The terms “prosperity theology” or “health-and-wealth gospel” refer to a system of teaching made famous by a number of television preachers. Also known as the Word-Faith movement, its basic idea is that it is God’s will for all Christians to experience earthly prosperity. If one has adequate faith, so the argument goes, then the Lord will bless that person with good health and plenty of money. Specifically, if in faith one “sows” a financial gift to a Christian ministry, then that person is guaranteed to “reap” a hefty financial return for himself. If on the other hand one is suffering sickness or poverty, it is due to a failure of faith on that person’s part. Not surprisingly, this unbiblical teaching has some Christians excitedly giving their money to ministries and others angrily up in arms, because it has to do with the very meaning of the gospel. It is a subject of great confusion in the church today.
Powlison on Lusts of the Flesh: Question 15
David Powlison. Excerpts from Seeing With New Eyes: Counseling and the Human Condition through the Lens of Scripture. Resources for Changing Lives. P & R Publishing: 2003. Justin Taylor. Posted on blog, April 02, 2007.
“God does not anesthetize us; he redirects our desire,” says David Powlison, editor of The Journal of Biblical Counseling, in answer to the last question in a series of 15 on the lusts of the flesh. This question asks, “Can you change what you want?” Powlison answers that as Christians we are commanded and enabled to change our desires from destructive lusts of the flesh into godly desires. Powlison takes issue with much current Christian self-help, which baptizes our natural selfish desires and “felt needs” with Christian terminology. They say that our desires to be loved and to feel good about ourselves (self-esteem) must be fulfilled or we are “doomed to a life of sin and misery.” This is little more than “the psychological equivalent of the ‘Health and Wealth’ theology, which similarly selects certain common desires and accepts them as givens that God is obligated to fulfill.” Rather than “using” God to fulfill our “felt needs” and self-centered priorities, our hearts’ deepest desires must be reoriented toward God’s priority of displaying his glory and spreading his fame.
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Understanding the ‘Prosperity Gospel’
Richard Mouw. Mouw’s Musings, July 18, 2007.
In this short blog entry, Fuller Theological Seminary president Richard Mouw points out one strength in the prosperity gospel: It is filling a void that most Christian doctrine fails to address. While it is easy to criticize the “health and wealth” gospel, Mouw suggests that the movement does much good in giving hope to the people of Africa. Its practical nature allows the prosperity gospel to address the vast “excluded middle” that much Christian doctrine avoids: troubles in life, economic threats, family crises and other issues that are a part of daily experience. He concludes that until the Christians who object to the prosperity gospel develop some way to address the “excluded middle,” we should be cautious about criticizing the movement.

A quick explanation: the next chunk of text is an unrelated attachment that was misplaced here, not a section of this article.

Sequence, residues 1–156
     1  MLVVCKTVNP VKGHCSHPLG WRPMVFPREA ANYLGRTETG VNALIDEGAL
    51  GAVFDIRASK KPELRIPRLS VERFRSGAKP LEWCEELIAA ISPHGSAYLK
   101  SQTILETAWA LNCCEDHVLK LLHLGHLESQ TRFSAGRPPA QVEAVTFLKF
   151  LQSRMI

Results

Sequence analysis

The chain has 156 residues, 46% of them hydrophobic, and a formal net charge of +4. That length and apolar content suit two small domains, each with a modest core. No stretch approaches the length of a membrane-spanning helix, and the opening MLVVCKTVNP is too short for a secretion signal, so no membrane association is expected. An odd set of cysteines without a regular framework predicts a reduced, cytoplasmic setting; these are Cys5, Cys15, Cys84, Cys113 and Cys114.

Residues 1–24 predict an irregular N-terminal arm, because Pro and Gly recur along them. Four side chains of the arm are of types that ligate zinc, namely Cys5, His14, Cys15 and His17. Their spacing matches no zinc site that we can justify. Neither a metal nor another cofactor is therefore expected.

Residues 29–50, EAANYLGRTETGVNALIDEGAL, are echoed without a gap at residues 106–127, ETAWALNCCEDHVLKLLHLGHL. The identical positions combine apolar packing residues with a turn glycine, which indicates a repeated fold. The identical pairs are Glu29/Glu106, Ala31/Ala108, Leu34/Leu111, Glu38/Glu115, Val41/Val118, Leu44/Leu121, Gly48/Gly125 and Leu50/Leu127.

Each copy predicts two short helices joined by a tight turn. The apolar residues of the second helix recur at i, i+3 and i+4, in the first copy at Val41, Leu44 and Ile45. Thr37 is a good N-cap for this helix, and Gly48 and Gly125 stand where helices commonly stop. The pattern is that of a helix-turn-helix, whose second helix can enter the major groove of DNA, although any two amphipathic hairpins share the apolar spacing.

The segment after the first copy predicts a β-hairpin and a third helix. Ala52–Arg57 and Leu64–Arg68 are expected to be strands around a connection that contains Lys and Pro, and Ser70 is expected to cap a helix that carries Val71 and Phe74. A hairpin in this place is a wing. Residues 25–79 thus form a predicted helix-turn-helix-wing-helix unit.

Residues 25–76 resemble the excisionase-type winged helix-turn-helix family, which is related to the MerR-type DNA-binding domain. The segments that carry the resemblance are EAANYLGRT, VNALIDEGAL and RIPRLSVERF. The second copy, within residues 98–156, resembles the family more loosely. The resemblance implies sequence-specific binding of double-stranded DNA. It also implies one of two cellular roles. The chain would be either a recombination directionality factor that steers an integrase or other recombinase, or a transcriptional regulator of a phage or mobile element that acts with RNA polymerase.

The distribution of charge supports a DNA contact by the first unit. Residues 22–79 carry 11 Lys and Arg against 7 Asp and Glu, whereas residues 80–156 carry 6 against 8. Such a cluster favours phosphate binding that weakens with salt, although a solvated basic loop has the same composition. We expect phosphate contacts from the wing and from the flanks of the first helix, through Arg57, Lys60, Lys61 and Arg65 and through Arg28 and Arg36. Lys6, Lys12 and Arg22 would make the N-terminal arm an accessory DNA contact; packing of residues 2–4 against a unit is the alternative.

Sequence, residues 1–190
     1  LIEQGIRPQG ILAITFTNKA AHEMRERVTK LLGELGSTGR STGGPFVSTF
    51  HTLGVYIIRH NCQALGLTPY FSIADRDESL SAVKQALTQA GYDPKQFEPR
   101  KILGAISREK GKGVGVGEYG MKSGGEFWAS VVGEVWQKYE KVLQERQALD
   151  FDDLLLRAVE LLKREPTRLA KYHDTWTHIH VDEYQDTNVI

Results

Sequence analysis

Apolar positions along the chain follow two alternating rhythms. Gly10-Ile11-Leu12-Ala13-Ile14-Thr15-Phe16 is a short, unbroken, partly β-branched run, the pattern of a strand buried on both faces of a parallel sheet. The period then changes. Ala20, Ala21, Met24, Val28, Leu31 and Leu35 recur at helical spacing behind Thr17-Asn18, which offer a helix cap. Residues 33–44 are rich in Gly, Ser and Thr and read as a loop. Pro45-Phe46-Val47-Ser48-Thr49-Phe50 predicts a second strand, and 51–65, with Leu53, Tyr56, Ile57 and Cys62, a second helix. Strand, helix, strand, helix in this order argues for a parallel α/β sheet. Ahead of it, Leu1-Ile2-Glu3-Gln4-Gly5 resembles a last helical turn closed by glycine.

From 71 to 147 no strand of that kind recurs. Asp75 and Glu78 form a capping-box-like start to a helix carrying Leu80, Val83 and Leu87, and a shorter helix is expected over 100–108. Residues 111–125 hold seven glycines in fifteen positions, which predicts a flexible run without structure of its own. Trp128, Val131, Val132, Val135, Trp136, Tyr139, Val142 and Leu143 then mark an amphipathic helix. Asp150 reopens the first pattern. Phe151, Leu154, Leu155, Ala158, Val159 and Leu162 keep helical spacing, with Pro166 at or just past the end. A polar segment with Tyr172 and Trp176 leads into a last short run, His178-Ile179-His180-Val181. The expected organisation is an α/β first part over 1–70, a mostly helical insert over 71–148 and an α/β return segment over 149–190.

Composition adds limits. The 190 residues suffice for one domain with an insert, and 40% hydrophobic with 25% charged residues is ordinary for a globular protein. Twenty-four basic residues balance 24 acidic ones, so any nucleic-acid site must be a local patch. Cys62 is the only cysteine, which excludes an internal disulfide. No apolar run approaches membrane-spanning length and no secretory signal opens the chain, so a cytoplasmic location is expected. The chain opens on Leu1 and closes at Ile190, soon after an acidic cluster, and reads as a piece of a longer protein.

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The Prosperity Gospel in Africa
Paul Gifford. The Christian Century, July 10, 2007.
The gospel is spreading rapidly in Africa, especially among “prosperity Pentecostal” churches. This group holds that since Jesus Christ suffered everything for us, we are able to live lives of absolute ease and prosperity. This focus on success is characteristic of churches across Africa. In this article Gifford analyzes this presentation of the gospel and its effects on churchgoers. He points out the rather high status that this view gives to pastors: Challenging a pastor’s prophetic utterances is tantamount to challenging God. These pastors prosper from the tithes and offerings given by their congregations, much like corrupt African politicians and rulers prosper from the wealth gained from their constituents. Despite its many downsides and flaws, the African prosperity gospel also promises hope to people in hard circumstances, which explains its popularity. Gifford is unenthusiastic about the spread of the “health and wealth” message, but he does admit that the prosperity Pentecostals in Africa have developed a “winning formula” for the expansion of the church.
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Prosperity Gospel Bringing in the Cash
Martin C. Evans. Newsday, November 11, 2006.
There is a large following for the prosperity gospel movement among African American churches. Through the teachings of Creflo Dollar, T.D. Jakes and others, the “health and wealth gospel” has captured the imaginations of people across the nation. But is this belief biblical? Or is this a twisting of the church’s traditions of helping communities and challenging leaders to do the same? This article looks at the popularity of the prosperity gospel in the black community and encourages readers to think about the social implications of this widely preached message.